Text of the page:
An Oswestry man has set a world record in a race across the Atlantic Ocean against his daughter.

Adventurer, Ian Davies, 64, gained the world record for being the part of the oldest team to row across any ocean in a race that see him beat his own daughter, Dani Jones and son-in-law Mark in what they describe as “the ultimate family challenge”.

The race from the La Gomera, near Tenerife to Antigua in the Caribbean, saw Ian pick up the record with his rowing partner Jim Ronaldson, 67.

“We weren’t unaware of the record but that wasn’t my main aim,” said Ian. “Initially I thought well it’s just record for being old, although a few people have pointed out that, yes, it’s for being old, but it is also for crossing the Atlantic.”

Border Counties Advertizer: Ian and Jim Pick up their world record certificates at a ceremony in London.Ian and Jim Pick up their world record certificates at a ceremony in London. (Image: Ian Davies)

This was the second time Ian has rowed the Atlantic having done so previously as part of a four-man team which helped inspire Dani, who grew up in Oswestry, and Mark, originally from Bridgnorth.

Although Ian ended up beating Mark and Dani’s team 66 days to 73 days, it was not the highlight for either of them.

"We were blessed to see some amazing wildlife, sharks, many different species of fish, sea birds, sea turtles, various types of whales and dolphins including a blue whale,” said Dani.

Border Counties Advertizer: Dani and Mark rowing in the Atlantic OceanDani and Mark rowing in the Atlantic Ocean (Image: Dani Jones)

“Six days before the finished we were surrounded by a pod of type two Eastern Atlantic orcas, some of the largest and rarest type of orca that feed mainly on dolphins and minke whales – the formation they surrounded our boat was a hunting formation.

“Fortunately, they realised we weren't a whale and after 15 minutes they moved on and continued heading north.”


Ian on the other hand enjoyed the isolation – “I stopped in the middle of the ocean 1,500 miles from La Gomera and 1,500 miles to go. The sea was three-and-a-half miles deep. The nearest human being was in the International Space Station 38 miles above us.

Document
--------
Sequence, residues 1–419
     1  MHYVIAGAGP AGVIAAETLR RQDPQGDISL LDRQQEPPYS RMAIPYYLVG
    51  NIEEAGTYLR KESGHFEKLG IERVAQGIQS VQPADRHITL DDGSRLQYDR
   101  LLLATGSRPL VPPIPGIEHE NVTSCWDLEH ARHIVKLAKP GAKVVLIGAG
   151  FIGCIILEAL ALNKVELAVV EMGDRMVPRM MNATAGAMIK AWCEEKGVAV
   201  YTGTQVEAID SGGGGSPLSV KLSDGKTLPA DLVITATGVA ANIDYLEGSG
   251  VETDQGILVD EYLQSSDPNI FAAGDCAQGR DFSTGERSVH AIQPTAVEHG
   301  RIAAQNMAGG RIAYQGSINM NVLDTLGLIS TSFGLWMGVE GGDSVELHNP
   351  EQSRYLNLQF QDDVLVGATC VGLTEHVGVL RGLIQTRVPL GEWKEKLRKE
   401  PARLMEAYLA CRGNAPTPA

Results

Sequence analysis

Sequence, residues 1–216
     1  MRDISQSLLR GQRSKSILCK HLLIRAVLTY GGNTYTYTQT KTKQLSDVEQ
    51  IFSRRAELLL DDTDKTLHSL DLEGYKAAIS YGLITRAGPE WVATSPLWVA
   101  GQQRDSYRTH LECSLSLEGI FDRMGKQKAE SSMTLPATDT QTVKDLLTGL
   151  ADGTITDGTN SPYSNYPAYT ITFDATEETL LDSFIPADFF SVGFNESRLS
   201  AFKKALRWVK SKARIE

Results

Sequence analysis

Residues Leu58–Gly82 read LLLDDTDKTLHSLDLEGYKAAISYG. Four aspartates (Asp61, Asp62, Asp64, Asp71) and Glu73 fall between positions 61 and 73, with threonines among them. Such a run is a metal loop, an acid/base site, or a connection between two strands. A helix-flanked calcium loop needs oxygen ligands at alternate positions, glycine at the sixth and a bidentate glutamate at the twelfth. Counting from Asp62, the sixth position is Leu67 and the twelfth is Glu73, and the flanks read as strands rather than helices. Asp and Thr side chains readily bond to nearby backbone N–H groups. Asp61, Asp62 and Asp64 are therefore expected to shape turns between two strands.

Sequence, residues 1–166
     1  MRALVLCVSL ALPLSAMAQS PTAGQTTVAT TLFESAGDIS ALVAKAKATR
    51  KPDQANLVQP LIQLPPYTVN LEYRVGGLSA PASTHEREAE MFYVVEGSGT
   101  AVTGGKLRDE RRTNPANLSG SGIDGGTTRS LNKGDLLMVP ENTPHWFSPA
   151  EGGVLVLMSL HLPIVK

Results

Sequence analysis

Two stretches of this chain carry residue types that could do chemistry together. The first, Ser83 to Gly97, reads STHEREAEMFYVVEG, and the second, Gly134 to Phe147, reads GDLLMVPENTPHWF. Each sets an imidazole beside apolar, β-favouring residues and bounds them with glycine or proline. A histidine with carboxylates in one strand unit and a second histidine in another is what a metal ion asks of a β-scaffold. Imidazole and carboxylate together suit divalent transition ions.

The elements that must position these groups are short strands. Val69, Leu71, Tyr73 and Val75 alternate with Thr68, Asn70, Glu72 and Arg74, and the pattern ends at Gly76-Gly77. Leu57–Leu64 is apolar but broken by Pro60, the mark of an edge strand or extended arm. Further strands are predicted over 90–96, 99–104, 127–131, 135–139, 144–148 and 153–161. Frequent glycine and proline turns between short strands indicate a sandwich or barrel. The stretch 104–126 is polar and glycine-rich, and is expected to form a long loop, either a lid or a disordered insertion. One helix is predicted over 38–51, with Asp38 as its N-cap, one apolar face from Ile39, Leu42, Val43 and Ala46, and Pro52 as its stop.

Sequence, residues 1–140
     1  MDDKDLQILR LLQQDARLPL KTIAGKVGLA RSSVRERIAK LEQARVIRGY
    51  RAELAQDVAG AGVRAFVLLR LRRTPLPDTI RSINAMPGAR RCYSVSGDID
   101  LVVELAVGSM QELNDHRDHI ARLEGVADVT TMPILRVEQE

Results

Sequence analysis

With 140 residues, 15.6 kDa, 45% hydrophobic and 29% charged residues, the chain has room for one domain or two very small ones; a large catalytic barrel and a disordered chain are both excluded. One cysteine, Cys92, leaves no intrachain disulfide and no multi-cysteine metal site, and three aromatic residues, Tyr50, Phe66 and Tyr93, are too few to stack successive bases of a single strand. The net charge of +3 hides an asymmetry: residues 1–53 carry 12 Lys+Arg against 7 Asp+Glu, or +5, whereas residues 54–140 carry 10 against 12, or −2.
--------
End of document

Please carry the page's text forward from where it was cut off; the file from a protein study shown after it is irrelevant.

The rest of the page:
“I decided to go for a swim in the middle of the ocean. How many people have done that?”

Border Counties Advertizer: Dani and Mark when they reached the finish line in AntiguaDani and Mark when they reached the finish line in Antigua (Image: Dani Jones)

Both said the challenge was more of a mental challenge, despite boats weighing over a ton and Ian losing over three stone in weight over the crossing.

“I wrote on the inside of the cabin, ‘the only way off this boat is to row’,” said Ian.

Dani agreed and said: “Mentally it was being faced with situations we had absolutely no control over.

“Being stuck in a current going the wrong way, taking us back east towards Africa. Storms that were too strong to row against. Being away from our kids was a big struggle, every day at sea, was a day away from our babies.”

Border Counties Advertizer: Dani and Mark reunited with their children at the end of the raceDani and Mark reunited with their children at the end of the race (Image: Dani Jones)

There were also serious dangers for both by being incredibly isolated – with help being three days away even by helicopter.

“You put your life on the line,” said Ian. “If you have a storm, you have 30ft waves on the go and you think ‘whose stupid idea was this?’”

Both teams were raising money for charity, with Ian raising thousands for Myeloma UK, a charity very close to his heart.

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“I’ve done these adventures every three to four years,” said Ian. “I did the Mongol Rally from London to Ulaanbaatar in a £250 car, I have been part of the relay team that swam the channel in 2013.

“So I don’t think this will be my last adventure but I do think it will be my last row across the ocean.”

Dani, however, couldn’t rule it out – “The type of people we are we will always be looking for another challenge to raise money for charity. Life is too short- it’s important to enjoy life to the full.”